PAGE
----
Russian ethnographer; born in 1826; died at Riga Aug. 14, 1900. He studied at the University of Moscow, and after conversion to Protestantism he became in the fifties a teacher of Russian in the district school of Tula and later in the school of Yasnaya Polyana, established by Count Leo Tolstoi. Deeply interested in the language and customs of his country, he devoted himself to the study of Russian folk-lore, and notwithstanding the fact that he was crippled he visited numerous villages and hamlets in various parts of the country, collecting songs and stories from the peasants.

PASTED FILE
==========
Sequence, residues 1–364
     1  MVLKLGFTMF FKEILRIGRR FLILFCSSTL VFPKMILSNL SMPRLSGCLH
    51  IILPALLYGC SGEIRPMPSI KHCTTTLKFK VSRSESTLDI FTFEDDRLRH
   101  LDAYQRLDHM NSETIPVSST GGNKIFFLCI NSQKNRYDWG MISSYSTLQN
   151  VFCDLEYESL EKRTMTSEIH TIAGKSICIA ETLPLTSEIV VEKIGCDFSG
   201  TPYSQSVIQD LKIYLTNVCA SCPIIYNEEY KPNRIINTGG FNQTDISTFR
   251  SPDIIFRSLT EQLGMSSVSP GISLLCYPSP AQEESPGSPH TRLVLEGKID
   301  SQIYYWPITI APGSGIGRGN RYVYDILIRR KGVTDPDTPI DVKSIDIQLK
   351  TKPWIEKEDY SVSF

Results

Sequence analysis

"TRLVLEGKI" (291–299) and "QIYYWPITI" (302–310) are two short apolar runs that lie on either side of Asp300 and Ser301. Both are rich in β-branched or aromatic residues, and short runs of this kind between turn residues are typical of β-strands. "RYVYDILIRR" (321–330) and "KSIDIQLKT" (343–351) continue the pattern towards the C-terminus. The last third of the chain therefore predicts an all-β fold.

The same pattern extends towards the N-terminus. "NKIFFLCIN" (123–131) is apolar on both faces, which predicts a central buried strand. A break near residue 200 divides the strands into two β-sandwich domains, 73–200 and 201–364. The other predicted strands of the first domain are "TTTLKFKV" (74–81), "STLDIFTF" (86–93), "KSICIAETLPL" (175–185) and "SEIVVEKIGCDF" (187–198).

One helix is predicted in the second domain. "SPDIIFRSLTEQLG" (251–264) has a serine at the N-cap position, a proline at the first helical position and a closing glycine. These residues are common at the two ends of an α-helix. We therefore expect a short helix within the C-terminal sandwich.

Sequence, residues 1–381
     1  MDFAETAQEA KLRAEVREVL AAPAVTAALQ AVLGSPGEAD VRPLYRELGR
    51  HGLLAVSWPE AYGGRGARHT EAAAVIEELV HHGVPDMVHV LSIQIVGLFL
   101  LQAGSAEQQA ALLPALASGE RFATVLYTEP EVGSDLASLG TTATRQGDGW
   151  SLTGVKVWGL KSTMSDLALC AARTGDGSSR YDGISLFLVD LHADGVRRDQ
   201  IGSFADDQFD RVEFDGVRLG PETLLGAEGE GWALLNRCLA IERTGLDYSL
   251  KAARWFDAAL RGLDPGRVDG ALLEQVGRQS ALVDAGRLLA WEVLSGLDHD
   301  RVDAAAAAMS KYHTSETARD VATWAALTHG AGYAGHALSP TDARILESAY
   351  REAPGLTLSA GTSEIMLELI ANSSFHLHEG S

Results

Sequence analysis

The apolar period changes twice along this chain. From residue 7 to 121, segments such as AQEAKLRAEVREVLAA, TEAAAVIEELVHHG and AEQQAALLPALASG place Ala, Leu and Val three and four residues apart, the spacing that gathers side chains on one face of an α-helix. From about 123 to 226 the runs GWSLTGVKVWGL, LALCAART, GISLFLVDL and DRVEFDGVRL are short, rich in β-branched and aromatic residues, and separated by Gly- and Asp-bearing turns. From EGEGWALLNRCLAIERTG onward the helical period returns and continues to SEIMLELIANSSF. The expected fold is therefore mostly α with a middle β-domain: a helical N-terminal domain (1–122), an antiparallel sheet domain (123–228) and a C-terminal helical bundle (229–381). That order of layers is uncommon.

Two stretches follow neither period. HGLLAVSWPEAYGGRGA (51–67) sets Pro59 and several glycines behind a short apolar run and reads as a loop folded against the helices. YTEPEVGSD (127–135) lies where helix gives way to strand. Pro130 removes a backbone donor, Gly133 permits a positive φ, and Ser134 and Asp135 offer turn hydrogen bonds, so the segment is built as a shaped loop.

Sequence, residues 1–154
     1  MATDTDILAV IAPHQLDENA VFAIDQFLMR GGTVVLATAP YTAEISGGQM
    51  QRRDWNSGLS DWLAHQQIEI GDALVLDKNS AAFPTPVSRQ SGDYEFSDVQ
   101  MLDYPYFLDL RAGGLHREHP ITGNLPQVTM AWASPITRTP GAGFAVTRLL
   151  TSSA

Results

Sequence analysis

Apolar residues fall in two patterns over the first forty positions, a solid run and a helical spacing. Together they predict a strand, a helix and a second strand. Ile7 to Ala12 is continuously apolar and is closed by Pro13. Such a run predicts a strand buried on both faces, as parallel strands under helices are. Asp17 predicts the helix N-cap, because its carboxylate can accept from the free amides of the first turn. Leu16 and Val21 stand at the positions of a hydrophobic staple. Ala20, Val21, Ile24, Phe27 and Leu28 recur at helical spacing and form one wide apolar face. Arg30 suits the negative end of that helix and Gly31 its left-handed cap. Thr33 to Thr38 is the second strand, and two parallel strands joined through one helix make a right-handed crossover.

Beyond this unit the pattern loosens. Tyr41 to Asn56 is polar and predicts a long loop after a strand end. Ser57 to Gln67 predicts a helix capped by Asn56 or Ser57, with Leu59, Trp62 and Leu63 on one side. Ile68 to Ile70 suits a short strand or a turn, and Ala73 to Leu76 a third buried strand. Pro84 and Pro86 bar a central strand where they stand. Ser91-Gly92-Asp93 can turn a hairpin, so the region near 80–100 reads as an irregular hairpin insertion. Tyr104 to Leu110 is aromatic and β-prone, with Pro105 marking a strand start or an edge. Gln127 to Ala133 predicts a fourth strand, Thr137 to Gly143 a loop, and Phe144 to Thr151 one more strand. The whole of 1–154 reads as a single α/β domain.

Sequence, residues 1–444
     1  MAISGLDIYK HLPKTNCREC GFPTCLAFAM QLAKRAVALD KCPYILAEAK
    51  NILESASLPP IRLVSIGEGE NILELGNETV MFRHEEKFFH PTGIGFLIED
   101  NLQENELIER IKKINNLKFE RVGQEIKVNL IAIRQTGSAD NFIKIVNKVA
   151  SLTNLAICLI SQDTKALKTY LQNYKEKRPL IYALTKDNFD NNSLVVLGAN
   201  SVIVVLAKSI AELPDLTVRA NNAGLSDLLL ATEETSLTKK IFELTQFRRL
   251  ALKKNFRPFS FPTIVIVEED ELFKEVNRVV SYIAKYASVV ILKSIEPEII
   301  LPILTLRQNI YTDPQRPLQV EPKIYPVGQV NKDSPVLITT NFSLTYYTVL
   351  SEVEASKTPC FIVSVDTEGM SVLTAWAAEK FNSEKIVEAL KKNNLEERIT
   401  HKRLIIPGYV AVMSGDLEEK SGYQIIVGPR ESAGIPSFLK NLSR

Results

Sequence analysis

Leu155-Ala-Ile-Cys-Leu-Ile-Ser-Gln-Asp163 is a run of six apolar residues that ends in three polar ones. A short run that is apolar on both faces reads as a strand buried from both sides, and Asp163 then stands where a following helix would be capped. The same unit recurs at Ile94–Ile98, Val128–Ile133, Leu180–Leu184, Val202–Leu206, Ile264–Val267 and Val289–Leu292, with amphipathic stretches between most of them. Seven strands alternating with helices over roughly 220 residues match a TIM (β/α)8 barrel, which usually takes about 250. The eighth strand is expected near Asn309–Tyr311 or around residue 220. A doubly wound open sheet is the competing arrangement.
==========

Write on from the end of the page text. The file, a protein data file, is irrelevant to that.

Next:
Shein's most important work was "Bytovaya i Semeinaya Zhizn Byelo-Russi v Obryadakh i Pyesnyakh" (St. Petersburg, 1890), which was published under the auspices of the St. Petersburg Academy of Sciences. He was the author also of "Velikorus v Svoikh Pyesnyakh, Obryadakh, i Pr.," which was one of his last works.

  • Nyedelya, Aug. 20, 1900, No. 34, p. 1146;
  • Novoye Vremya, Aug. 26, 1900, No. 8799, p. 3.
H. R. J. G. L.
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